Saturday, December 19, 2020

Goodwill Toward Men
(Meditation for Sunday 20th December)

Peace on Earth,

Goodwill Toward Men

 Every year when I was young my mother, brother, sisters and I would head off to the local Primary School Christmas concert. My father would stay home, and when we got back the tree would be up and the living room of our house would be decorated. It always felt magical, and for us children it marked the beginning of our Christmas. It was only as I got older I realized my father's genius in avoiding having to attend the concert!

I am sure that many of you have similar stories, and for those of us brought up in the Christian tradition memories of the carol concerts and nativity plays are burned deep.

Thanks to these I can probably recite the whole of Luke's account of the Nativity off by heart. And a core part of the story is the appearance of the host of angels, who tell us:

Glory to God in the highest, and on earth peace, good will toward men.
As we head into Christmas it can sometimes seem like this, the central message of the Nativity, has been lost. The world around us appears more divided that ever and the primary Christmas message according to many is whether or not PS5s are in stock.

Of course, there is much going on to be positive and thankful about, whether it is the quiet heroism of front-line workers or the many people who have chosen to ignore the dominant rhetoric and work towards easing the suffering of others.

The word 'metta' is most often translated as loving-kindness. At first it seems a tricky word as the Pali doesn't have a single, simple translation into English. Often we use multiple words - love, friendliness, goodwill - to try to include all of the aspects of metta. As we progress with our practice we learn the subtleties of the word and why it doesn't quite translate into a single word.

Using the word 'goodwill' for metta used to not quite fit for me, as I found it a little weak. However as I practiced more and read more teachings it started to make more sense. This idea that deep down we wish the best for all people, regardless of whether we felt it was deserved, simply because of our shared humanity - that is metta. The teacher Ṭhānissaro Bhikkhu explains it beautifully like this:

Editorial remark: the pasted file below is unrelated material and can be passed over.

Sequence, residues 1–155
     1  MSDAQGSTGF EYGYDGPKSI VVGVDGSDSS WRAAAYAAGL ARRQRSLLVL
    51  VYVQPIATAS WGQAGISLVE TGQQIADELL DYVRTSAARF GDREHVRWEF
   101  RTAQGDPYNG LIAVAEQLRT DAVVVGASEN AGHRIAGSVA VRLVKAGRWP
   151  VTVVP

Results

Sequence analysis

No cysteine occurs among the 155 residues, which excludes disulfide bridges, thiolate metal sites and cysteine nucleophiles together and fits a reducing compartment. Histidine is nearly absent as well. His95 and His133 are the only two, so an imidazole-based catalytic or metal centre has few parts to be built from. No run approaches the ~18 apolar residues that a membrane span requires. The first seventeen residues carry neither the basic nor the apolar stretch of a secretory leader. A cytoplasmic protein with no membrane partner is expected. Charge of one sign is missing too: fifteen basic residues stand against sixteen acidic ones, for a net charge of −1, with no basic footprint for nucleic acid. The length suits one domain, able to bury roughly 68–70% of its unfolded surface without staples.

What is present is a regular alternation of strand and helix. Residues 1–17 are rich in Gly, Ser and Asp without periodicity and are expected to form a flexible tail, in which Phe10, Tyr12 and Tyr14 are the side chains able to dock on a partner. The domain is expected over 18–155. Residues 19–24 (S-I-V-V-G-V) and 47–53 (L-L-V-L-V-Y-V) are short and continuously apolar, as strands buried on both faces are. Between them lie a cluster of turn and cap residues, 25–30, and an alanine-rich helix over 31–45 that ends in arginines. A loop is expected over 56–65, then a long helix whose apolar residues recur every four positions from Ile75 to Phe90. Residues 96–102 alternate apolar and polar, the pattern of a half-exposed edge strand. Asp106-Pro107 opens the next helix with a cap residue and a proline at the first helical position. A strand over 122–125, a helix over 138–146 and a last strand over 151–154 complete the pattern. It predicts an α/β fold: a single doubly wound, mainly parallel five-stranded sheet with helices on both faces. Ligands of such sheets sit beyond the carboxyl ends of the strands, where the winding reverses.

[...] These different ways of expressing metta show that metta is not necessarily the quality of lovingkindness. Metta is better thought of as goodwill, and for two reasons. The first is that goodwill is an attitude you can express for everyone without fear of being hypocritical or unrealistic. It recognizes that people will become truly happy not as a result of your caring for them but as a result of their own skillful actions, and that the happiness of self-reliance is greater than any happiness that comes from dependency.

The second reason is that goodwill is a more skillful feeling to have toward those who would react unskillfully to your lovingkindness. There are probably people you’ve harmed in the past who would rather not have anything to do with you ever again, so the intimacy of lovingkindness would actually be a source of pain for them, rather than joy. There are also people who, when they see that you want to express lovingkindness, would be quick to take advantage of it. And there are plenty of animals out there who would feel threatened by any overt expressions of love from a human being. In these cases, a more distant sense of goodwill—that you promise yourself never to harm those people or those beings—would be better for everyone involved.

This doesn’t mean that lovingkindness is never an appropriate expression of goodwill. You simply have to know when it’s appropriate and when it’s not. If you truly feel metta for yourself and others, you can’t let your desire for warm feelings of love and intimacy render you insensitive to what would actually be the most skillful way to promote true happiness for all.
When we look at metta in this way we can see how this fits with the angels' message. By generating goodwill for all beings we lay the groundwork for peace.

As we continue through the holiday period I would like to encourage us all to focus on cultivating goodwill for all. The message is an ancient one, but it is as relevant today as it has ever been.

Wishing you all a peaceful holiday,

Chris.

A quick note: I will NOT be releasing a 'metta letter' or linking a meditation for next week - I will be taking a short break. I will next send out one of these the weekend after next (January 2nd/3rd).

For this week a few of us have committed to press 'play' on the guided meditation linked below at 7pm PT on Sunday 20th December. You are welcome to join us if you wish, or you can listen yourself at any time.


 Bible verse from Luke 3:14 (KJV)

Ṭhānissaro Bhikkhu - Metta Means Goodwill - Retrieved from https://www.dhammatalks.org/books/BeyondAllDirections/Section0007.html December 20th 2020

 

Saturday, December 12, 2020

Kindness Starts with Yourself
(Meditation for Sunday 13th December)

 

Kindness Starts with Yourself

 We are once again in the holiday season, and that can mean different things to each of us. For some this is a wonderful time, full of friendship, fun and excitement. For others it can be a time of loneliness. For some the memories of past holidays can bring joy, for others pain.  For many of us, myself included, it is a mix of enjoyment and being overwhelmed. It can be a stressful time whether you love it or hate it.

I always find that I need to take a step back over the holidays and make sure that I am taking care of myself. It is so easy to get caught up in the excitement, stress, over-scheduling, loneliness and excesses. This is supposedly a time of 'goodwill to all men,' yet it is easy to end up feeling personally burned out or low.